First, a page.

Yesterday I had lunch with a gentleman whose image of the Catholic Church was the abuse crisis and great wealth. To him that was all the Church stood for. Yet the Church is much more than that.
To me the Church is the people of God. We the people are the real church. We, priests, religious and laity make up the Church.
When I think of the Church I think of Father Beiting who founded the Christian Appalachian Project and touched thousands both Catholic and not; he inspired many to volunteer in Appalachia, an experience that often changed the direction of their lives. Many volunteers went into education or social service, often switching careers. Some became priests, deacons or sisters.
I also think of priests like Father Joe who loved to hear confession, ran the pro life office and continually pointed to Jesus in the Eucharist, Father Titus who prayed for healing with anyone who needed healing and also collected Bibles for the prisoners he visited on his day off. I remember Father Paul who drove two hours to hear confessions at our senior retreat, spent three hours in confession, said mass and drove home after 11:00 to say mass in his parish the next morning. There’s Fathers Bill, John and Tim who left successful careers to enter the priesthood. There are also young priests like Gregory, Matthew, Marco and Artur who sacrificed as all priests do the opportunity for marriage a family and career.
I think of sisters and teachers I knew; Sister Theresa who encouraged me to volunteer for a tutoring program thus setting the direction of my life, Sr. Carol who spent 5 or 6 years as a missionary in Bolivia and the rest of her life teaching in the inner city. There were so many teachers I knew who gave their lives to the Church spending their entire careers working in schools where they never made the minimum starting salary in the local public school, no matter how many years they taught. Many stayed after school until 5 working with students, coaching or in planning meetings all without extra pay.
When I think of the Church I think of Lee. During the 60’s she and her husband were instrumental in starting a Catholic parish in Georgia. She’s was an active member of our pro-life committee, going to fairs to pass out materials, the life chain and prayer vigils. She’s was an extraordinary minister who regularly brought communion to the sick and the hospital. She had an unusual ability to know when to visit the dying with a friend of hers who is a retired priest. At age 88 this retired nurse went to Louisiana with the Red Cross after Hurricane Katrina. She also was part of a Divine Mercy Prayer group and a rosary group.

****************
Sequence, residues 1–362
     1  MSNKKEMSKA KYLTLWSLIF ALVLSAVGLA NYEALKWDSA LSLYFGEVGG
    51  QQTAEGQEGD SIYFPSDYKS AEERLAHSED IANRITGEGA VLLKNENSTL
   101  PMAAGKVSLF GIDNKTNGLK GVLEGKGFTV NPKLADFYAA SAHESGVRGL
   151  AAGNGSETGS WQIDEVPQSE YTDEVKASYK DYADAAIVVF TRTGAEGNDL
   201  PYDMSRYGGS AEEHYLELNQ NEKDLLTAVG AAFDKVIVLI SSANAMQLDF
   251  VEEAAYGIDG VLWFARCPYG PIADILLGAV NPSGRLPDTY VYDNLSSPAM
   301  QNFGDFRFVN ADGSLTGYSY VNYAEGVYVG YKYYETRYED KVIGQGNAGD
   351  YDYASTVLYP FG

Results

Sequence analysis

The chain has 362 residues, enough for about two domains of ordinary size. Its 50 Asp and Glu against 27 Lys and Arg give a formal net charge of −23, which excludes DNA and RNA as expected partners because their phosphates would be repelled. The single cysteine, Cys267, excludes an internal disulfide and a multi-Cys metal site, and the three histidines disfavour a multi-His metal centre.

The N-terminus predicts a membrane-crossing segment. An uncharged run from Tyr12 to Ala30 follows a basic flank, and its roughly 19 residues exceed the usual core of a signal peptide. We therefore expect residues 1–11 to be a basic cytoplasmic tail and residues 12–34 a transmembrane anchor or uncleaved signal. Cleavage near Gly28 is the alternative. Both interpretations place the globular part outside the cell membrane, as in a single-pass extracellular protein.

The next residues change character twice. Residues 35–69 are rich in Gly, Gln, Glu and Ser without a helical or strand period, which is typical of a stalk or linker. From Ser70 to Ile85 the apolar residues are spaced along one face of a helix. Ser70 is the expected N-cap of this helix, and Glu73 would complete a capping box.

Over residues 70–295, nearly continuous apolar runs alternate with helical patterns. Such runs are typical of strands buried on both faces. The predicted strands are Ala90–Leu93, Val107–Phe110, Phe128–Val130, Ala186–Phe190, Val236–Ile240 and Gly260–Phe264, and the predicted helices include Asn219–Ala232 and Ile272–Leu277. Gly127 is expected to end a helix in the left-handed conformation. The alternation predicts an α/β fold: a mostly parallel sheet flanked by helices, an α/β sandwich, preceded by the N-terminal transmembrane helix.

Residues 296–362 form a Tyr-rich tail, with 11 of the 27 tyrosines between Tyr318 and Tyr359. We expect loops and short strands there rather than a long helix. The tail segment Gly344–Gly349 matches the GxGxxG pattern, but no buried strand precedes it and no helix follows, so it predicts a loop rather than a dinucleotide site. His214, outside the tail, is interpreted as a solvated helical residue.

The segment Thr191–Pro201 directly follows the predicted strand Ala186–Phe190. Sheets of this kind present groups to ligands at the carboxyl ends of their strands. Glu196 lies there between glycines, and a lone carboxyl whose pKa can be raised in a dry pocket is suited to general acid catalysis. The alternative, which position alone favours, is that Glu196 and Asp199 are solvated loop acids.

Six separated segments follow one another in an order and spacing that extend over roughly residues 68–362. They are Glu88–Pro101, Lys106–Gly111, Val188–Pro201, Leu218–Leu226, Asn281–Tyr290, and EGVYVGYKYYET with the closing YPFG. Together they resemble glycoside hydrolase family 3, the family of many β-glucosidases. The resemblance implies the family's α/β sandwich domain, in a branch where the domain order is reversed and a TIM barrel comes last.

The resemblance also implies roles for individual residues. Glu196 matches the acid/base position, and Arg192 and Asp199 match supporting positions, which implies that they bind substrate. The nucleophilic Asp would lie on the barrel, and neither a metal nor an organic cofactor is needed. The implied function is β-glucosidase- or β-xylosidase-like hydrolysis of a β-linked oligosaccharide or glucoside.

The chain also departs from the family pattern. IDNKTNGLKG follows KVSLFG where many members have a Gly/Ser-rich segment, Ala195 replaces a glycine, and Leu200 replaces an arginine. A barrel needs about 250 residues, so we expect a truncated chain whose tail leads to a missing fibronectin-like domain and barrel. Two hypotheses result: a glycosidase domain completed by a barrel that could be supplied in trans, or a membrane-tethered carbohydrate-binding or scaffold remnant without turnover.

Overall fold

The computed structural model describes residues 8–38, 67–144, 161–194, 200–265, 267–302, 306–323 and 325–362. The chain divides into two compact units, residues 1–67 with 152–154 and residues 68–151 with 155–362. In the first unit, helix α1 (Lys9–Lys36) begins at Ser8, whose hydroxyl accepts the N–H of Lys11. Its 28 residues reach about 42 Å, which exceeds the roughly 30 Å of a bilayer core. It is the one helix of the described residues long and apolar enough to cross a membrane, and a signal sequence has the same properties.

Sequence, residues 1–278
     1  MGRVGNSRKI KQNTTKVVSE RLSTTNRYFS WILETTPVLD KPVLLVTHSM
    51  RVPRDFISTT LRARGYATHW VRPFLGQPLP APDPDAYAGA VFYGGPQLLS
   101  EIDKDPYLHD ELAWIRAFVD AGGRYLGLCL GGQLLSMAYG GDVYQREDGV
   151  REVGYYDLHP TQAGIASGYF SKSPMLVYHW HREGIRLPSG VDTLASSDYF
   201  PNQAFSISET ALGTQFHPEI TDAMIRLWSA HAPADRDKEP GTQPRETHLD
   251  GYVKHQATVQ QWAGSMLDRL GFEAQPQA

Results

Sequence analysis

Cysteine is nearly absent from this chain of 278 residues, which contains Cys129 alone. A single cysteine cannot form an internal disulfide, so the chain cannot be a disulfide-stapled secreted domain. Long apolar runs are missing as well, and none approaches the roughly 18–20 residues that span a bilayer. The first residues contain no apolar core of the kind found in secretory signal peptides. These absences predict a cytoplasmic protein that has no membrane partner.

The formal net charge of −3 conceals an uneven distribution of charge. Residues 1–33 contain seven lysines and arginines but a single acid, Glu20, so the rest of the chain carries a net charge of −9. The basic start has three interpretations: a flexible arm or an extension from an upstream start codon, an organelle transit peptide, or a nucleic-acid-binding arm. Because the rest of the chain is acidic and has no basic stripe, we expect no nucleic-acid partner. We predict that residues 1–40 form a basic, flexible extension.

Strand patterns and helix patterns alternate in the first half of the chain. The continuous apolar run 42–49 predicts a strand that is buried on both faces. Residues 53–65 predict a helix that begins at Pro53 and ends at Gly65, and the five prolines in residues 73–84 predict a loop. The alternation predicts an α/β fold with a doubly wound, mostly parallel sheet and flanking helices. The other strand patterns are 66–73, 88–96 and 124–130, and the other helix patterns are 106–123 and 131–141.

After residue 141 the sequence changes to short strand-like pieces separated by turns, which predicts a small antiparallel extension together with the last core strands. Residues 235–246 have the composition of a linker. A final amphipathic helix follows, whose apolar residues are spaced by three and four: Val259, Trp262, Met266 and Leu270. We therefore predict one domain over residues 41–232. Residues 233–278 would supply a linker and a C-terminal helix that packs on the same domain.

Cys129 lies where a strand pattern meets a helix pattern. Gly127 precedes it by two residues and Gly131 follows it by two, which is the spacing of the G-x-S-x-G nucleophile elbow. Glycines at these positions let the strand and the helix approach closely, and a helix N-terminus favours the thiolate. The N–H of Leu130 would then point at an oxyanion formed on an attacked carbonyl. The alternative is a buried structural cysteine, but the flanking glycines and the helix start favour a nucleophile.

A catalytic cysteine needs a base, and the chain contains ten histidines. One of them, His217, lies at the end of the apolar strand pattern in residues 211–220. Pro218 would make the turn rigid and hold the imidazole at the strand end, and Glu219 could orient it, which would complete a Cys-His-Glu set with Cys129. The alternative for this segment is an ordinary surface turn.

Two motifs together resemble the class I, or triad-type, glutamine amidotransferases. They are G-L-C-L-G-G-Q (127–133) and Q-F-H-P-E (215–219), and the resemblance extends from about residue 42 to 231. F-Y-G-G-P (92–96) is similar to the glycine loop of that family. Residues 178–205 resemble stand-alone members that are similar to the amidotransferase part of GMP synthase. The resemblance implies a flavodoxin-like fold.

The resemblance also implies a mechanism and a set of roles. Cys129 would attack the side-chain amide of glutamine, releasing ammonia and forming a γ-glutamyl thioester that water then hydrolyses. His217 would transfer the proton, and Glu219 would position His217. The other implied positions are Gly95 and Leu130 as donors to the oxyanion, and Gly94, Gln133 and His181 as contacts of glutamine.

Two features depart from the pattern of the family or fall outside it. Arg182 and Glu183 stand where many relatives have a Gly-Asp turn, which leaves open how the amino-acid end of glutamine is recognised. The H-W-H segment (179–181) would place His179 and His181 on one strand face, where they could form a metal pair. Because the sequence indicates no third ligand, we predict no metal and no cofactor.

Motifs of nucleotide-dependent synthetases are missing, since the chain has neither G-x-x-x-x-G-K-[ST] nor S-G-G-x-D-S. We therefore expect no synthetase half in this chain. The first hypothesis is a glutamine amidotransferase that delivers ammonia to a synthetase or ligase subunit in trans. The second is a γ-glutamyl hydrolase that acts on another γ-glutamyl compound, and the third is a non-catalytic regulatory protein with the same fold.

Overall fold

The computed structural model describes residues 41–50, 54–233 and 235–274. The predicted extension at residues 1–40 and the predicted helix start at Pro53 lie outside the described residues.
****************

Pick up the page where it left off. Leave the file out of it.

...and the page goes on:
I think of John and Bob two gentlemen who’ve spent decades fighting against abortion. Though stooped and slowed by age they continue to organize prayer vigils, pass out literature and recruit people to march at the capital or outside abortion clinics.
Then there are Ed and Joan. They both serve as ushers and extraordinary ministers. Joan is one of the head ministers at the 12:00 mass while Ed is the head usher. Both are volunteers with the local ambulance squad. Joan was recognized in the local daily paper as the volunteer of the year for the area. I frequently saw them at the hospital visiting patients when my mom was there. Two or three times a week I ran into them.
I also think of people like Dolores. Most of her life she served the Church working on almost every committee and project her parish had. She’s spend the past 3 or 4 years taking care of her husband yet still found time to bake for every parish fundraiser and shop for our food pantry.
Then there’s Harry, altar server, Eucharistic minister and lector. He helps to lead the daily rosary, cooks for our soup kitchen and works on every project that comes along.
There’s also the CCD teachers, youth group and CYO volunteers, those who run our food coop, those who volunteer in hospitals, lead prayer groups and pray with the sick. The list is endless and there are people like this in every parish. These are the people of God, the Church, a sometimes flawed group of individuals who struggle to do their best to serve their God and Church, to carry out St Francis’s call to always preach the gospel. This is my Church.